Working Papers

Published Papers

  • (2022) Log-growth rates of CO2: An empirical analysis -- Physica A: Statistical Mechanics and its Applications
    We study the parametric distribution of log-growth rates of CO2 and CO2 per capita emissions for 207 countries and territories taking data from 1994 to 2010. We define the log-growth rates for different duration periods, from one year apart to fifteen years apart. The considered probability distributions have been the following: the normal (N), the asymmetric double Laplace normal (adLN), the exponential tails normal (ETN) and a mixture of two normal (2N) or three normal (3N) distributions. The main result is that the best one is different depending on the period considered, in such a way that there is not a systematically dominant distribution. Thus, the behavior may change from one year to the next one, and possibly this is influenced by policy measures such as the Kyoto protocol or the Clean Development Mechanism. Moreover, a policy measure that can be derived from this paper is that some countries can still reduce their emissions of CO2 compared with others, as seen by the non-uniformity of the preferred probability distribution for each period. We also model a stochastic differential equation whose associated Fokker–Planck equation has as a solution the observed time-dependent probability density function.

  • (2021) Transport costs in new economic geography models: A more realistic approach -- International Journal of Economic Theory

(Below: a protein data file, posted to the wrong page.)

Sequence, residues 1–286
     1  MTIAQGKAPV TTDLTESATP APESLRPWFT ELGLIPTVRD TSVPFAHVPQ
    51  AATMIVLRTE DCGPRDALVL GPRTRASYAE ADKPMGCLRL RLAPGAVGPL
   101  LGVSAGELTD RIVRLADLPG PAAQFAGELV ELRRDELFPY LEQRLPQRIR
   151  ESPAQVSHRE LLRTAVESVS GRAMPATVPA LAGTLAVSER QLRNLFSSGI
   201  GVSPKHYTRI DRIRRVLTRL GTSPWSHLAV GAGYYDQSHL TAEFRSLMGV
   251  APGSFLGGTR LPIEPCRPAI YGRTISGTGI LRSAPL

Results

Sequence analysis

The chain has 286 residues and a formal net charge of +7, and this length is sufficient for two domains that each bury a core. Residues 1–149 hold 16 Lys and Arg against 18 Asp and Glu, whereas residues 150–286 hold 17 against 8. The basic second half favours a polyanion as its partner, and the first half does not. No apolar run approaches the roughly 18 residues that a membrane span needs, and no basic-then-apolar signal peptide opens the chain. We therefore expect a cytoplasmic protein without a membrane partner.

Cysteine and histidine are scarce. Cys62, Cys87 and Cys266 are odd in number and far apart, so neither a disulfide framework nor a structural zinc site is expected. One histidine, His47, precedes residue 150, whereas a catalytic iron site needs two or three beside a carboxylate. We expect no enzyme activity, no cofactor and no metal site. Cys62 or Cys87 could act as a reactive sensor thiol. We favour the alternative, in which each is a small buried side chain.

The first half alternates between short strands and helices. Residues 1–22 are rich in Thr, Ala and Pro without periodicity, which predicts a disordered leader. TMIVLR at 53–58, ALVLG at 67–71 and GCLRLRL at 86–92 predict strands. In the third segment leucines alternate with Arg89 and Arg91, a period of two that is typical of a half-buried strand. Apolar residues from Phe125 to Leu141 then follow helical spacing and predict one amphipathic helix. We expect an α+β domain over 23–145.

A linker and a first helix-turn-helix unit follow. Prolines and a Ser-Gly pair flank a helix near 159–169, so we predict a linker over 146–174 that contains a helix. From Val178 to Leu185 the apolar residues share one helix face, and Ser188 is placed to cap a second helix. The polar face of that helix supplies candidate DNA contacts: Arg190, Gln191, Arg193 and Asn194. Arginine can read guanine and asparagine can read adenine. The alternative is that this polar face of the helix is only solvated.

This paper proposes an alternative method to the iceberg approach for modeling transport costs. Instead of part of the good evaporating in transit, we take as our basis the idea that certain workers in companies are in productive occupations in the strict sense, and others work in transport. This simple change is found to be capable of overcoming most of the criticisms associated with the iceberg approach.

  • (2020) How sensitive is city size distribution to the definition of city? The case of Spain -- Economics Letters
    In this paper we want to test whether the choice of different types of urban data for the same country exerts an influence or not on the selection of the best parametric density function (among the Pareto, truncated lognormal, the double Pareto lognormal and mixtures of lognormals) to describe the city size distribution. We have employed four different definitions of city for Spain. We have concluded that the outperforming density is different for each type of data.

  • (2020) Is there a universal parametric city size distribution? Empirical evidence for 70 countries -- The Annals of Regional Science
    We studied the parametric description of the city size distribution (CSD) of 70 different countries (developed and developing) using seven models, as follows: the lognormal (LN), the loglogistic (LL), the double Pareto lognormal (dPLN), the two-lognormal (2LN), the two-loglogistic (2LL), the three-lognormal (3LN) and the three-loglogistic (3LL). Our results show that 3LN and 3LL are the best densities in terms of non-rejections out of standard statistical tests. Meanwhile, according to the information criteria AIC and BIC, there is no systematically dominant distribution.

  • (2020) On the parametric description of log-growth rates of cities’ sizes of four European countries and the USA -- Physica A: Statistical Mechanics and its Applications
    We have studied the parametric description of the distribution of the log-growth rates of the sizes of cities of France, Germany, Italy, Spain and the USA. We have considered several parametric distributions well known in the literature as well as some others recently introduced. There are some models that provide similar excellent performance, for all studied samples. The normal distribution is not the one observed empirically.

  • (2020) Regional convergence and spatial dependence: A worldwide perspective -- The Annals of Regional Science